NEW BRUNSWICK, NJ—On Friday, February 23 at least 200 protestors showed solidarity for the broader labor movement in the United States, marching from College Avenue to Albany Street, and then to Rutgers President Robert Barchi’s office to support the push for a $15 per hour minimum wage for all Rutgers campus workers.

The action was initiated by the Rutgers chapter of United Students Against Sweatshops (USAS) and the Rutgers-American Association of university Professors – American Federation of Teachers (AAUP-AFT), along with numerous co-sponsors.

Protestors could be heard singing, chanting, and carrying signs to demand Rutgers give its workers a $15 an hour wage. The march began outside Brower Commons, where various speakers addressed the crowd with megaphones, speaking about the university owing its workers a livable wage, more respect, and perhaps even free tuition in the future.

One such speaker was Rutgers USAS member Mack Miller, who was very encouraged by the protest’s attendance.

“[The turnout] was amazing. I thought it was so powerful. I was so taken aback by the amount of people that supported this campaign … that were so down to take to the streets and show the administration that people need a $15 minimum wage,” Miller told New Brunswick Today.

The action was just the latest part of a year and a half campaign for an increase in the school’s minimum wage, Miller said.  The campaign has already succeeded in getting the university to increase the minimum wage for all student workers to $11 per hour, as we reported.

“We’ve had meetings with the administration, we’ve gone to the Board of Governors meeting, we’ve met with Barchi privately, we’ve passed resolutions through the student senate, we’ve petitioned, and you can see us out on the street, talking to people.”

Miller said the most recent action before the rally and march for $15 was at the December 12 Board of Trustees meeting where Rutgers USAS effectively shut down the entire meeting.

The February 23 rally was a part of the USAS 21st annual national conference, where chapters from all over the United States came to learn and stand in solidarity with their fellow members.

Taia McAfee, a USAS member from the University of Mississippi, said the conference was meant to teach newer USAS members how to be better activists and to make them feel welcome within the organization.

“People with different identities from marginalized communities can come together and talk about that identity and how that affects being a USAS member and organizing in general,” McAfee told NBToday.

McAfee explained that last year’s USAS conference was her first and that the experience made her want to come back. “I felt really affirmed, and while I thought that, being black and being a woman, I wouldn’t feel as comfortable as I do, USAS has done a great job at making the space comfortable for everyone.”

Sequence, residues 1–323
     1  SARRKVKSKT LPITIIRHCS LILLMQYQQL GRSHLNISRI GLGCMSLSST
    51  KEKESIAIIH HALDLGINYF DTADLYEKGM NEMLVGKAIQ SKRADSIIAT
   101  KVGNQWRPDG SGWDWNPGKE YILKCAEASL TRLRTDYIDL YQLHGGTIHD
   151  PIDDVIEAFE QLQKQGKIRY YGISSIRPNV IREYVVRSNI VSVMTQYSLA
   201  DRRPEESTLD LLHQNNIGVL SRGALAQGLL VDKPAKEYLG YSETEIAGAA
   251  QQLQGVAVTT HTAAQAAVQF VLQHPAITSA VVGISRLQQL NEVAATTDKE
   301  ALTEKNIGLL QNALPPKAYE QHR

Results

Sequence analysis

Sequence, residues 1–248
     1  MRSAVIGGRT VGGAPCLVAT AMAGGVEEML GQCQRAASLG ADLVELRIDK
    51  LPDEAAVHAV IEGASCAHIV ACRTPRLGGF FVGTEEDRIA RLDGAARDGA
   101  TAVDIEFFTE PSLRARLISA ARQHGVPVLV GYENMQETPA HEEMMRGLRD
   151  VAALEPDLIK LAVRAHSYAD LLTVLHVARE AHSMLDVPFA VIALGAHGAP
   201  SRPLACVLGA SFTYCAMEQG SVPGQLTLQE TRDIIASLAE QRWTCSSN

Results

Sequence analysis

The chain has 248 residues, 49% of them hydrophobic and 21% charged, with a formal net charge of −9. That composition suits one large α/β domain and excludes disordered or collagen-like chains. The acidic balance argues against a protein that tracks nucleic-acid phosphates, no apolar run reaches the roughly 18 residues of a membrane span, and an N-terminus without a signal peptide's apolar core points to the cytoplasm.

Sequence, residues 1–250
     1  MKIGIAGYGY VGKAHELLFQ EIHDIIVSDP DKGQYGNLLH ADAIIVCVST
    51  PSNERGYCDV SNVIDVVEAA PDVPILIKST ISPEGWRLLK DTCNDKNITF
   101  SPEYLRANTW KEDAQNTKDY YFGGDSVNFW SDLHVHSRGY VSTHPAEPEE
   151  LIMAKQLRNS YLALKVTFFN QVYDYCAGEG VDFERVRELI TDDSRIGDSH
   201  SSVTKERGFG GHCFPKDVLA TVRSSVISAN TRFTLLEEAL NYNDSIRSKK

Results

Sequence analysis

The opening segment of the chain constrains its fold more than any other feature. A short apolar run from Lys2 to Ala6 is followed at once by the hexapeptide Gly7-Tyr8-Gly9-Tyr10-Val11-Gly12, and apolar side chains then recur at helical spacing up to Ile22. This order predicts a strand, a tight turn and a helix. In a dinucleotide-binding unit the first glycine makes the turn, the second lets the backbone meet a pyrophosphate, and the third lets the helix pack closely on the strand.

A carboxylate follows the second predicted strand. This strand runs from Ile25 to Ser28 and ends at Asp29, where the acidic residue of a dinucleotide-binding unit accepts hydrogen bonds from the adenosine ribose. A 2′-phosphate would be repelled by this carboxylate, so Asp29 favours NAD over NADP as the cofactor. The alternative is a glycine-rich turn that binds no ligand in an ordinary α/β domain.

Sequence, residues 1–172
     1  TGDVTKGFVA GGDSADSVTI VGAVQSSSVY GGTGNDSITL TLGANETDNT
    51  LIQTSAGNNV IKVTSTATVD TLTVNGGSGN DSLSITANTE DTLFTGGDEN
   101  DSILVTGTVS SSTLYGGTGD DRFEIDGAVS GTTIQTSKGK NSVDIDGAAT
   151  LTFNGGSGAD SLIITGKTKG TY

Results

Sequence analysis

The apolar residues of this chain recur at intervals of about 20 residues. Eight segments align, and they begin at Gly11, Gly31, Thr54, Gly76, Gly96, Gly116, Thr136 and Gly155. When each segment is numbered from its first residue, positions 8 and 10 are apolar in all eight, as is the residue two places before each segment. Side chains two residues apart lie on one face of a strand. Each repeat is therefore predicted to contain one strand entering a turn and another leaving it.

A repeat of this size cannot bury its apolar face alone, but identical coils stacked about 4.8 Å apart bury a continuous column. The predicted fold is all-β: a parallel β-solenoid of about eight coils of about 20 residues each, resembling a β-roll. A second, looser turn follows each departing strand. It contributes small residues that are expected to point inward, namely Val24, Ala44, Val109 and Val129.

McAfee and Ana Jimenez give a presentation on the growing student labor movement to USAS members.

The conference included many other presentations, including one from international labor organizations such as Alta Gracia, which runs one of the world’s only unionized garment factories.

During a presentation on the United States labor movement, McAfee stressed the need to make the movement more attractive to women and minorities.

“The current labor movement is too pale, too male, and too stale.” After her presentation McAfee led the crowd in a “solidarity clap,” encouraging members to do more than passively observe.

USAS members were also invited to participate in various workshops, giving them a chance to increase their organizing skills. Workshops included lessons on engaging with university administration, strategies for organizing campus workers, more effective fundraising, and how to perform effective outreach.

Another aspect of the conference was the caucuses for the various identities within USAS, such as people of color, recovering addicts, and undocumented immigrants.

Miller, chairperson of the USAS Queer Caucus, said that the Queer Caucus gave members a chance to strategize on ways to combat homophobia within the organization and also in the broader labor movement.

Miller said that while USAS is focused on getting a $15 minimum wage now, the organization is also looking to the future of the campus labor movement.

“It’s always a stepping stone,” said Miller. “We want healthier, stronger, and more democratic unions, we want stronger union density at Rutgers, and we want better representation [within] the faculty, [including] people of color, working class people, and queer people.”

The USAS conference concluded on Saturday, February 24 with with the members watching a video of their march for $15. Members could be heard cheering as footage of organizers rallying the crowd outside President Barchi’s office played on a projector.